The boars head is inspired by the possible origins of the name Banff and Banffshire deriving from Gaelic for pig, and also serves as a reference to the famous Deskford carnyx discovered in the county. A boar's head also features in the arms of the former county council, which is where its blue colouration here is derived. The checked background serves as a reference to and completes the colours of the Shades of Banffshire tartan, where the black was used to symbolise the Aberdeen Angus which was first bred and registered in Banff and gold representing agriculture and whisky industry.
The deep golden colour denotes the whisky industry of the in-land county, whilst the blue recalls the maritime industries of Banffshire's coast. The diagonal division between the two recalls the shape and orientations of Banffshire. Over the top is a barrel, an item that was key to both industries across the county from maturing whiskies to storing fish landed from the sea.
The two diagonal blue lines represent the two mayor waterways that help to define Banffshire's boundaries; the Spey and the Deveron. This leaves a single diagonal stripe inbetween them to reflect the unique orientation and narrowness of the county's outline. On this is placed the county flower of Banffshire; the Dark Red Helleborine. The Dark Red Helleborine was chosen as the county flag of Banffshire in a national competition organised to mark the Golden Jubilee of HM The Queen in 2002.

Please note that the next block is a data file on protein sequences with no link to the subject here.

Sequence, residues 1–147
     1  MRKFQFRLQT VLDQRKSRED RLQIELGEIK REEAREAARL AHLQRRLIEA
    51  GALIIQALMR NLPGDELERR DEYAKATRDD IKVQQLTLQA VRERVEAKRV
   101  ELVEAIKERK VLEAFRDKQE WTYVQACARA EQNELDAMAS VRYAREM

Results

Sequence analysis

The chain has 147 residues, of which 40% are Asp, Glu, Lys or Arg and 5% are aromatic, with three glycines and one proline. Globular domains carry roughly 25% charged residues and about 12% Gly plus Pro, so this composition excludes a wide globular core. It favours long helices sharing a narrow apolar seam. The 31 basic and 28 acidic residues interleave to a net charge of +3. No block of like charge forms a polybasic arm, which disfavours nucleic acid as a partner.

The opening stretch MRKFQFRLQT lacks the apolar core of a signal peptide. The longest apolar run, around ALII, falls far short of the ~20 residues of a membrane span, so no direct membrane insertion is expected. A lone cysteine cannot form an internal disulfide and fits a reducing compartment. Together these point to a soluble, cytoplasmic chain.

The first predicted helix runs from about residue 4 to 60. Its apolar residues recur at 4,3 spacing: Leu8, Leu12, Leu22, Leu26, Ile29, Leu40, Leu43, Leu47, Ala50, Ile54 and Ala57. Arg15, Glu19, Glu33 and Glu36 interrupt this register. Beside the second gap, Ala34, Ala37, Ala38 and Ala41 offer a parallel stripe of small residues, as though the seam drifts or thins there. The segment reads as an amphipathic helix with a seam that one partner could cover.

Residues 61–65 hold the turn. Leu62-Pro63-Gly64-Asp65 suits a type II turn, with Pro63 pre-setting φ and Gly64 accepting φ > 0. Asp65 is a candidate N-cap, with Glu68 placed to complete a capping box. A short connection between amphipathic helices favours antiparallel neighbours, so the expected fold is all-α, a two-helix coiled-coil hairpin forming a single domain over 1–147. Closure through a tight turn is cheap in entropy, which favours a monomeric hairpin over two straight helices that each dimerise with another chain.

The white horizontal band recalls the bridges that are emblematic of this narrow county with rivers running through it and along its borders; from ancient in-land river crossings to the mighty industrial viaducts along the coast. As such the blue colour can represent both the rivers and the sea, whilst the golden-orange below the bridge represents the whisky made from the county's waters and above the bridge the sun symbolises the natural sunsets and agriculture.